|Personnel: Jeff Richmond (vocals, melodica, clarinet, saxophone, piano, percussion, Theremin); Christine Ohlman, Neal Coomer, Everett Bradley, Kyle Gordon, Julia Joseph, Katreese Barnes, Elaine Caswell (vocals); Giancarlo Vulcano (acoustic guitar, electric guitar, banjo, mandolin, electric bass); Eva Burmeister, Timothy Fain, Jesse Mills , Jeremy Turner, Max Mandel, Toni Glickman, Eran Sykes, Christina Courtin, Pico Alt, Joel Noyes, Edward Arron, Kingsley Wood, Robert Moose, Michael Midlarsky, Taylor Bergren-Christman, Milan Milisavljevic, Guillaume Pirard, Jeremy McCoy, Tim Lefebvre, Katherine Fong (strings); Laurie Krein, Earl Gardner (trumpet); Ryan Keberle, Clark Gayton, Brian Drye (trombone); Shawn Pelton (drums, percussion); Stanley Harrison, Lenny Pickett , Lou Marini, Steve Elson (wind).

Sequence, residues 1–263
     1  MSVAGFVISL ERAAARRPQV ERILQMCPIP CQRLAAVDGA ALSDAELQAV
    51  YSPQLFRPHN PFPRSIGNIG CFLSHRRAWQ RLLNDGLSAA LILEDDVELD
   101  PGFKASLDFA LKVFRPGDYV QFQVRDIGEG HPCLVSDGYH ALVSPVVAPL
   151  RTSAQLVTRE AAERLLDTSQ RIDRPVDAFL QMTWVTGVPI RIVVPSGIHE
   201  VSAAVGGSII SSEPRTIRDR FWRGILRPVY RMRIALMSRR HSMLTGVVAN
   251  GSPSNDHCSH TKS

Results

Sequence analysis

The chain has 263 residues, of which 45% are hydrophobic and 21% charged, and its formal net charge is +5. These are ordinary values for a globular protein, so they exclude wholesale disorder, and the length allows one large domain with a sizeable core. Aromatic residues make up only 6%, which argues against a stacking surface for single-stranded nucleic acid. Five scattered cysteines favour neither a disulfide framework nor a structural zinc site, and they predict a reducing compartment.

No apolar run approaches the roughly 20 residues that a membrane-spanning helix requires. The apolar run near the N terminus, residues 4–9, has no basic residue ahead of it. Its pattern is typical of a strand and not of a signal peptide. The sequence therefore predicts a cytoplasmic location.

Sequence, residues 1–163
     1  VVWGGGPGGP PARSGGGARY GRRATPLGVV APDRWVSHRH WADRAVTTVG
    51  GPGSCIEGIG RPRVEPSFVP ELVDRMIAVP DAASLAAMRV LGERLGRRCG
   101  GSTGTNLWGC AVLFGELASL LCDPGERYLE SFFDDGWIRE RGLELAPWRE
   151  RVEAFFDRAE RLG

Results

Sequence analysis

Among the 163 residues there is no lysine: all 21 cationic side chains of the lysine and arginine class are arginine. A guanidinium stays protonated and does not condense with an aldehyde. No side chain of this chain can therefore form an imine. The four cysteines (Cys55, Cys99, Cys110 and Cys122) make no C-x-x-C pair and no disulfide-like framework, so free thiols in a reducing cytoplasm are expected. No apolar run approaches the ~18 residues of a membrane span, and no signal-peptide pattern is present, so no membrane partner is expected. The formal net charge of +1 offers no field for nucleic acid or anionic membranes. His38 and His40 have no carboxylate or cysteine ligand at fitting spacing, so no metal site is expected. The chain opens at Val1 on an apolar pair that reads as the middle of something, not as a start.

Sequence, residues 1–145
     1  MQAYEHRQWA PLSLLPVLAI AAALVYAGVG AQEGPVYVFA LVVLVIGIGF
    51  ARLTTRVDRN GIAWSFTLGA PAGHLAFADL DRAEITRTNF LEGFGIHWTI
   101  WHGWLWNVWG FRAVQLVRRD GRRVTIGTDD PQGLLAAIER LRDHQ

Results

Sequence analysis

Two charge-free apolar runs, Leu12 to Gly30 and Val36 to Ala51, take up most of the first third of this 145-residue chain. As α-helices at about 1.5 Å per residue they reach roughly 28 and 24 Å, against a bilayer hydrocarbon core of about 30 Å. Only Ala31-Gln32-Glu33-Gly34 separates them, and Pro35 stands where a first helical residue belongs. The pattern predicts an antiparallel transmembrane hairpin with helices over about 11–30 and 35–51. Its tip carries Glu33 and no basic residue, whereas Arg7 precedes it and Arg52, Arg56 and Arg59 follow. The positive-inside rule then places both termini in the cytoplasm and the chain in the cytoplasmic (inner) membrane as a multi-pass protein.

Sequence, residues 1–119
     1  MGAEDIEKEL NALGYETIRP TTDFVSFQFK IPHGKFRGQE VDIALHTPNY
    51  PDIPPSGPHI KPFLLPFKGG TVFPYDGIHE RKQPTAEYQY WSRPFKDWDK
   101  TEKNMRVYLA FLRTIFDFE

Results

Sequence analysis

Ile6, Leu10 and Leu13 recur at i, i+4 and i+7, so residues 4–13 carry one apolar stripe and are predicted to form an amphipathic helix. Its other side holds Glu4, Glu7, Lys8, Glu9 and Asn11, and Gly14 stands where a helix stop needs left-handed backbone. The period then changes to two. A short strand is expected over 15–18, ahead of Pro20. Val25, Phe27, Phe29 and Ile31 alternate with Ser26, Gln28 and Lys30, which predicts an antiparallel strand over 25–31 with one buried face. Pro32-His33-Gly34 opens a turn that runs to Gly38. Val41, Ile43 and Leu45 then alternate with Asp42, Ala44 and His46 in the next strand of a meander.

|With all of the things going on in any given episode of 30 Rock, it's easy to overlook just how big a part the show's music plays in its comedic brilliance. This ample soundtrack rectifies that, dedicating most of one disc to Jeff Richmond's score and one to the songs sung by the cast. Listening to Richmond's music on its own reveals just how much of its personality is reflected in the show and vice versa; based in jazz, big band, and lounge, his cues are sophisticated and goofy at the same time, and witty in their own right. There are few other shows where a piece adapted from Franz Schubert appears alongside a track called "Spanx." Richmond rummages through musical history, coming up with sounds that are retro and fresh: "Theme from 30 Rock" nods to Carl Stalling and Raymond Scott, among others, as it bounds along with cartoonish glee; "Cha Cha" channels a sleek, Henry Mancini vibe; and "Claire" evokes Django Reinhardt with its brisk whimsy. Richmond is also nothing if not versatile; for every outrageous piece like the campy, brassy "Boys in Gayland," there's something subtler, like "Meet Donny"'s suave lounge or "Sunset Rounds," a piece of almost completely straight piano jazz with just a few winks. Perhaps Richmond's most successful feat is imbuing 30 Rock's music with New York City's essence. "Lizzie's Blues" distills it with a melody inspired by Gershwin's "Rhapsody in Blue," but the lilting woodwinds that flit throughout the score keep it lingering in the background. There are a few songs with vocals on the first disc, most notably Tina Fey and Jason Sudeikis' `60s musical homage to "Cleveland" and Michael Bubl?'s "Mr. Templeton," but the fun really begins on disc two, which almost feels like a compilation of Jane Krakowski's greatest hits. Jenna Maroney is the biggest songbird on 30 Rock and its show within a show, TGS, and there's enough of her glorious hamminess to fill a deli on "Muffin Top," "Make a Pizza," "Tennis Night," and "That's Her." However, other members of the cast manage to get some songs in edgewise, most notably Tracy Morgan, whose "Werewolf Bar Mitzvah" might be the single funniest thing on the set. Yet the best song overall might be "All My Nights I've Been Waiting." Sung by Christopher Cross, it's a pitch-perfect parody and homage to songs like "Arthur's Theme," and another of the many ways 30 Rock pays tribute to the New York comedies that came before it. The feeling of camaraderie on this soundtrack is no surprise -- Richmond has worked with his wife Fey and some of the show's other stars for years prior on SNL -- but it is delightful. Aside from the small complaint that Richmond's cues are grouped in medleys, making it hard to pinpoint each one, this is a fun, thorough set for 30 Rock fans and soundtrack buffs. [Die-hard fans will want the collector's edition of the set, which includes a coffee-table book filled with cast photos and essays by Richmond, Fey, and other members of the 30 Rock team.] ~ Heather Phares